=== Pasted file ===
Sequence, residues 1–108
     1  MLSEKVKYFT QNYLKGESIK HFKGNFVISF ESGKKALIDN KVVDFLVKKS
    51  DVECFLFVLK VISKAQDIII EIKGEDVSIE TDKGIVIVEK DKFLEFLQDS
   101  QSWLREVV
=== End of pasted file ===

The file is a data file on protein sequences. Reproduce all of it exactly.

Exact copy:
Sequence, residues 1–108
     1  MLSEKVKYFT QNYLKGESIK HFKGNFVISF ESGKKALIDN KVVDFLVKKS
    51  DVECFLFVLK VISKAQDIII EIKGEDVSIE TDKGIVIVEK DKFLEFLQDS
   101  QSWLREVV